Past Event

Sussex Development Lectures

Vaccine apartheid, the TRIPS moment, and non-alignment as a form of commoning

18 May 2023 16:00–17:30

Institute of Development Studies (IDS) Online on Zoom

This Sussex Development Lecture will explore how, in 2020, South Africa and India brought a proposal to the World Trade Organisation to waive intellectual property rights for Covid-19 medical goods so that poor countries could manufacture Covid-19 vaccines and medicines instead of relying on the charity of rich countries.

Watch live at 4pm

They pointed out that these medical goods had been developed through a global human effort involving billions of dollars in public funding and an international network of scientists who freely contributed their data to a common pool to track the epidemiology of the disease, and to map the Covid genome and host genetics.

Millions of citizens in turn contributed as participants in randomised controlled trials used to develop vaccines and treatments. However, pharmaceuticals and universities in the US, Germany and the UK successfully lobbied their governments for the right to exclusively patent the ensuing medical goods and generate record-breaking profits.

More than 100 countries, largely from the non-aligned Movement, together with an international network of trade unions and NGOs, supported the original TRIPS waiver proposal. But in June 2022, after 20 months of sustained opposition from a handful of wealthy countries, companies and foundations in the global North, the proposal finally failed. As the UN Special Rapporteur on contemporary forms of racism, E. Tendayi Achiume commented, the consequence of this is a global system of “vaccine apartheid.”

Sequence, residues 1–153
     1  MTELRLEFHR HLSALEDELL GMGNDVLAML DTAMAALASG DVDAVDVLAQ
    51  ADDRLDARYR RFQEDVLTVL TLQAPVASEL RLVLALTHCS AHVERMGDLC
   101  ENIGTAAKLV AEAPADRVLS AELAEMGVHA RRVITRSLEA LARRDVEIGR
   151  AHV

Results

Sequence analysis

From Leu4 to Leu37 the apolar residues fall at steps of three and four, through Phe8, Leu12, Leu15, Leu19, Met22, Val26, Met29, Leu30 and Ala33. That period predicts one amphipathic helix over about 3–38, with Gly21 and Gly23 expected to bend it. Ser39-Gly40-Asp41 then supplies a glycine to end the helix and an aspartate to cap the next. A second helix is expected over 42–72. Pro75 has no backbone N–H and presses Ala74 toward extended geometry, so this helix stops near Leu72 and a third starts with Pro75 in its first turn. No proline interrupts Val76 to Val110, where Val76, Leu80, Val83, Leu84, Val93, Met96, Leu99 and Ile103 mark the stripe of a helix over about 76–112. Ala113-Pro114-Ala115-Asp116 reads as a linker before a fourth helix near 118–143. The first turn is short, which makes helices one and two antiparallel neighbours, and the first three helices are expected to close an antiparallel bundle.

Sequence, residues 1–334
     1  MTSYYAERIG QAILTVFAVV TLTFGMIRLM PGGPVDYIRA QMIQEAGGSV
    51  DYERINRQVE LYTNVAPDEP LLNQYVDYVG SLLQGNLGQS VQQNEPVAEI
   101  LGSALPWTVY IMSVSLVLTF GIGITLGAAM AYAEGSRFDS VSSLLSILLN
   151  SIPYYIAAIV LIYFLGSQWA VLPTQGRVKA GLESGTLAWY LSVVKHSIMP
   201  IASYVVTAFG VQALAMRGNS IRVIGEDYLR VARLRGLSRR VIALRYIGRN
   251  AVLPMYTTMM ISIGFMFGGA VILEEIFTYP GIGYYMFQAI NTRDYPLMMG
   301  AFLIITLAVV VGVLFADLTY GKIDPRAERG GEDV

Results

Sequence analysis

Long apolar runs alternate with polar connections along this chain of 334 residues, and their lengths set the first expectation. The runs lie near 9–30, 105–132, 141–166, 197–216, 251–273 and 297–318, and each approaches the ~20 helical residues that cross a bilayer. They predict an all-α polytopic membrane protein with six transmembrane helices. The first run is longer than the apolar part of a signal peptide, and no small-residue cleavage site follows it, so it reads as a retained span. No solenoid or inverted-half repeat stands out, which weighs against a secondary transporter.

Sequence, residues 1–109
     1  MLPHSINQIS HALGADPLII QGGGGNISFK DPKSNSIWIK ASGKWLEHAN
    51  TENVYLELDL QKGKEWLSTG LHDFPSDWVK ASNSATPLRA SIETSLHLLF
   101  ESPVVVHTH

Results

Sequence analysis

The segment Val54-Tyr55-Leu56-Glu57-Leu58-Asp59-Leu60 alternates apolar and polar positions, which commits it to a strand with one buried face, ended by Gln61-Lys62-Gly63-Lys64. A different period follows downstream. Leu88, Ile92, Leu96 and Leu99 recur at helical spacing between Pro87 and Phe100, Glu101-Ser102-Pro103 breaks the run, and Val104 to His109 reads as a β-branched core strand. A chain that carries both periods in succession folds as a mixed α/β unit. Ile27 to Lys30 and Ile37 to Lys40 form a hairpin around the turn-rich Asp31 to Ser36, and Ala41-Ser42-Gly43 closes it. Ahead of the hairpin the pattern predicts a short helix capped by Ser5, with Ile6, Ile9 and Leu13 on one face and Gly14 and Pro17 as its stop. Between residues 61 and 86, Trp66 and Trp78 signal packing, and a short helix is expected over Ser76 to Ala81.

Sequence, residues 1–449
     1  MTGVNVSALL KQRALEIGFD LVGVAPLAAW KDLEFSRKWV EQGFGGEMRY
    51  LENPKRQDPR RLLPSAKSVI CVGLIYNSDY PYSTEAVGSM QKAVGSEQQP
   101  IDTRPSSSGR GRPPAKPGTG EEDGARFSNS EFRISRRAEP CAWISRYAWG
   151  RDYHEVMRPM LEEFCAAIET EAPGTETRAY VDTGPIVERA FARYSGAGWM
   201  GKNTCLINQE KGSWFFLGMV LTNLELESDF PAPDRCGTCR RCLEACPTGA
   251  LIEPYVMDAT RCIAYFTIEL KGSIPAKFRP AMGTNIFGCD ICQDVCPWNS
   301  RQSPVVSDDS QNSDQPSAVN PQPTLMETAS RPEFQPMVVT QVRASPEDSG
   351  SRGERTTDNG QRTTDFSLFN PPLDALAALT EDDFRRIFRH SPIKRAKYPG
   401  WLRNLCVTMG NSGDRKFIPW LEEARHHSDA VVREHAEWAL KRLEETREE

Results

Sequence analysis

The TRIPS proposal is therefore only the beginning of a much longer fight, and has reanimated conversations about intellectual imperialism and rich countries ‘kicking away the ladder’. This panel will reflect on this international contestation between different conceptualisations of knowledge – as a private good and as a common good, and how it has opened up possibilities for approaching the politics of non-alignment as a politics of commoning.


  • Ekaette Ikpe, Reader in Development Economics in Africa, and Director of the African Leadership Centre at Kings College London.
  • Hyo Yoon Kang, Reader in Law at the School of Law, University of Warwick
  • Peter van Heusden, bioinformatician at the South African National Bioinformatics Institute.
  • Priti Patnaik, founding editor of the Geneva Health Files


  • Nimi Hoffmann, Lecturer in International Education and Development, Centre for International Education and Sussex Humanities Lab, University of Sussex

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